Hell and Amarok - Split
Pesanta Urfolk
4 songs (39:19)
Release year: 2013
Pesanta Urfolk
Reviewed by Charles
I am trying now to pay respects to some of the more interesting releases from last year, before they disappear off into the too-distant past. My focus here is on this split from March, released by Pesanta Urfolk (who are more at home with neofolk and Americana these days) combining the efforts of Amarok and Hell. What?! British NWOBHM act Hell doing a split with super-slow American doomsters Amarok?! That doesn’t make sense! No it doesn’t, but then we’re talking about a different Hell; the Hell who are also super-slow American doomsters. Aha!

This is a gloomy, gloomy, gloomy 40 minutes. Both bands play a very slow and sweaty kind of doom. Hell’s contribution is comprised of three tracks, but the promo I’ve been sent amalgamates them into one- presumably because this is how it’s intended to be on the vinyl release. They play with, at times, an almost bluesy feel in terms of the shape of the riffs, albeit not in terms of atmosphere. Comparisons might be drawn to the abrasive sludge of Eyehategod or Iron Monkey, but with more of a fetish for just playing really slowly. But in fact, the harsh shriek in which the vocals are delivered gives their music a distinctly blackened tinge. The guitar tone is clanking and filthy, buried beneath hissing feedback. Somewhere in the middle of Oblitus we get a horrible highpoint; a primitive groove which sounds basically like one note strummed over and over again (I don't think it is, but the distortion on the sound makes the different chords indistinguishable), accompanied by a miasma of feedback which slowly suffocates it like a catastrophic sewage leak. Towards the end of their side, Hell move towards Xasthurian blackened melody- there’s even a forlorn sounding violin haunting the last couple of minutes of Dolore. All in all, fucking depressing.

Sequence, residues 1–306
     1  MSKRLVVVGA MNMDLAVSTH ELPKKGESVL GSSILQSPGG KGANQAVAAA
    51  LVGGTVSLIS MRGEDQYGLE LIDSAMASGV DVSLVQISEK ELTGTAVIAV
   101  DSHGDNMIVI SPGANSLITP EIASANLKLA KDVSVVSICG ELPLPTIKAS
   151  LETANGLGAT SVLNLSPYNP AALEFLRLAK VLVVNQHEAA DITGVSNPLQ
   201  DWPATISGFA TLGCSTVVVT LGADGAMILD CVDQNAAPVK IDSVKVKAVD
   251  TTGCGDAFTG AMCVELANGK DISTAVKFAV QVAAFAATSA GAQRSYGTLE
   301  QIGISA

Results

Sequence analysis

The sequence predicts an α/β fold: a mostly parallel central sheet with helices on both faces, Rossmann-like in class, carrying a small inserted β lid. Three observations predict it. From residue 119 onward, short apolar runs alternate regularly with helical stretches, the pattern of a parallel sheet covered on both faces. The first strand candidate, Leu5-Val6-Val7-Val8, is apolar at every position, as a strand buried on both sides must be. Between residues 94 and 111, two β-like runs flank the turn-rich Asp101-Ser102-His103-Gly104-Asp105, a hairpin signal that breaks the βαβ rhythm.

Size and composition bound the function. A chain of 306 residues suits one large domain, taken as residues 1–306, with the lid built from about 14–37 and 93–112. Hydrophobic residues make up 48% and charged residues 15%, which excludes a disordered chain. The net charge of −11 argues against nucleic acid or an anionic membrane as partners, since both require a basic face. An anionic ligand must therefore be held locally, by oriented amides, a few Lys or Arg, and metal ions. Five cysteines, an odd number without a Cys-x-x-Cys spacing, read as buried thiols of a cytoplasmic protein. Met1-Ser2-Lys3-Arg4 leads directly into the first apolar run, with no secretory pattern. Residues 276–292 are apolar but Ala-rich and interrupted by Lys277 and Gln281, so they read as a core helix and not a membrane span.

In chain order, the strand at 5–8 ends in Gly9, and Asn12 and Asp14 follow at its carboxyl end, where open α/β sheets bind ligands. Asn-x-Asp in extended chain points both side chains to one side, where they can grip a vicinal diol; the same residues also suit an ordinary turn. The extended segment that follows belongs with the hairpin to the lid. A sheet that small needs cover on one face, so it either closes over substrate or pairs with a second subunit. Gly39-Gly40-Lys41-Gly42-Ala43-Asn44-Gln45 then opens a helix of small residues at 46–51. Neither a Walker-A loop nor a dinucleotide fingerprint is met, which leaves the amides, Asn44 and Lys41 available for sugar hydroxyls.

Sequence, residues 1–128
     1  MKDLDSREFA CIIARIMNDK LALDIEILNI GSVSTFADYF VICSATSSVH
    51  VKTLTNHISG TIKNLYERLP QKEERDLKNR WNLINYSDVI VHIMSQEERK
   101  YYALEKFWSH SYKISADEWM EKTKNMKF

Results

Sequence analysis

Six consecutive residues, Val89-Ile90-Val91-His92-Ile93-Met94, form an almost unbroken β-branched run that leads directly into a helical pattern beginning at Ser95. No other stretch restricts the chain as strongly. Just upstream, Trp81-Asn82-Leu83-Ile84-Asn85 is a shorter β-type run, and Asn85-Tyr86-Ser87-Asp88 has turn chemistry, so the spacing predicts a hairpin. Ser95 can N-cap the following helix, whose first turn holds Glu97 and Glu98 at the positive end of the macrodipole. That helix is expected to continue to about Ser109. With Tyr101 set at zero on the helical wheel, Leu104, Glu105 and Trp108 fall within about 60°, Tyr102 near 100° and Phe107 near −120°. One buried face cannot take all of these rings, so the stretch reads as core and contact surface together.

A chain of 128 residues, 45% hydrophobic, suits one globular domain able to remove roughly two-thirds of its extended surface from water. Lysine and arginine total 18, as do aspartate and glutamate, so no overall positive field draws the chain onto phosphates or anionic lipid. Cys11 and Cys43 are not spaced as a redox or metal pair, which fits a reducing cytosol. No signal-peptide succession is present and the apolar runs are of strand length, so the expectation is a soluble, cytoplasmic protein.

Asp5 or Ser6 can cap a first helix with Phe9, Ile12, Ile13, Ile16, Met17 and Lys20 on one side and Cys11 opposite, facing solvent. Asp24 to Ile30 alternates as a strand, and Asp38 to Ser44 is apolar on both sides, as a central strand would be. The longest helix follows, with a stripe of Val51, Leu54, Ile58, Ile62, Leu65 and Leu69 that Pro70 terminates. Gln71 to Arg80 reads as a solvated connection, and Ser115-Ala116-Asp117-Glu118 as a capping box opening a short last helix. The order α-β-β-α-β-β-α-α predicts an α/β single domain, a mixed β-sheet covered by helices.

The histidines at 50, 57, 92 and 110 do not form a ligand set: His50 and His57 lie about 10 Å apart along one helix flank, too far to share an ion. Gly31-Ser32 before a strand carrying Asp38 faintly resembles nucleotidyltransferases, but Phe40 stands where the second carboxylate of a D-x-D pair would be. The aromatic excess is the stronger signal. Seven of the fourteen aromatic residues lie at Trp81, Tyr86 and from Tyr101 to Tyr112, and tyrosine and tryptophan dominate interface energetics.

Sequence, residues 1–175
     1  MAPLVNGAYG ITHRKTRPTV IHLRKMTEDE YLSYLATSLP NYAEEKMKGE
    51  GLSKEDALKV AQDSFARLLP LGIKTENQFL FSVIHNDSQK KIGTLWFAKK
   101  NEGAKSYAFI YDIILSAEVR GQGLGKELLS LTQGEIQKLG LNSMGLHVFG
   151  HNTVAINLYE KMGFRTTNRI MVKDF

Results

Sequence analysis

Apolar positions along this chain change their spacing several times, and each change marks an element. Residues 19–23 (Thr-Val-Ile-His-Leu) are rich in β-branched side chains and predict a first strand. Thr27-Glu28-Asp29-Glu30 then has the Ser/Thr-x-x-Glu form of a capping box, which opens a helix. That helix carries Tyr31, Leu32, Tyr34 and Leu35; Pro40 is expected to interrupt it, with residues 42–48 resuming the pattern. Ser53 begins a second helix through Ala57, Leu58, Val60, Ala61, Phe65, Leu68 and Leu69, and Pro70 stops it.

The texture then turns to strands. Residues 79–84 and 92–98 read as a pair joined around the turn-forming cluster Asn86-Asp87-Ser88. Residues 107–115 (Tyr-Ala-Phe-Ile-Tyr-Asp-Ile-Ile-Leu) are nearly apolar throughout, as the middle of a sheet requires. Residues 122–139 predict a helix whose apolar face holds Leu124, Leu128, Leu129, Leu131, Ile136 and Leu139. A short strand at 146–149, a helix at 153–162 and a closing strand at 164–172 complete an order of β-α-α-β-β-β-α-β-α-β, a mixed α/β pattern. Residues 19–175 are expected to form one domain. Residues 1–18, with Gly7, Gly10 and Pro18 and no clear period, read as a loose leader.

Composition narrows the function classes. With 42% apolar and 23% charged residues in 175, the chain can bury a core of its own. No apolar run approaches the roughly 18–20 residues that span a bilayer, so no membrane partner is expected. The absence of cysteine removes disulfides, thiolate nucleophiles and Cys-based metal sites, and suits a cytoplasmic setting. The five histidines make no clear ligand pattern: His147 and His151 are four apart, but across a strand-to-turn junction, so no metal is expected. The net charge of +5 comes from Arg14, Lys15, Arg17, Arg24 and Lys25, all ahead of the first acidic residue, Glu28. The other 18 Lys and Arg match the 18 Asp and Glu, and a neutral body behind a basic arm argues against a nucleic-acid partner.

This brings us to Amarok (who actually go first in the running order, but whatever). I’ve reviewed them before, and even picked up their debut EP back when I could afford to spend money on such things. On that EP, they had a ‘drier’ sound than Hell- scorched and arid, without quite so much enswamping feedback, and a strong (albeit restrained) sense of bluesy swing. That element is gone here, entirely. Instead, their contribution is a funereal procession of thunderous chords, laden with sad harmonies. It gives way to a quieter section, albeit one where the same tone is maintained, using a piano and strings in unison. Quite a dynamic track, and easily sombre enough to fit with Hell’s offering.

Killing Songs :
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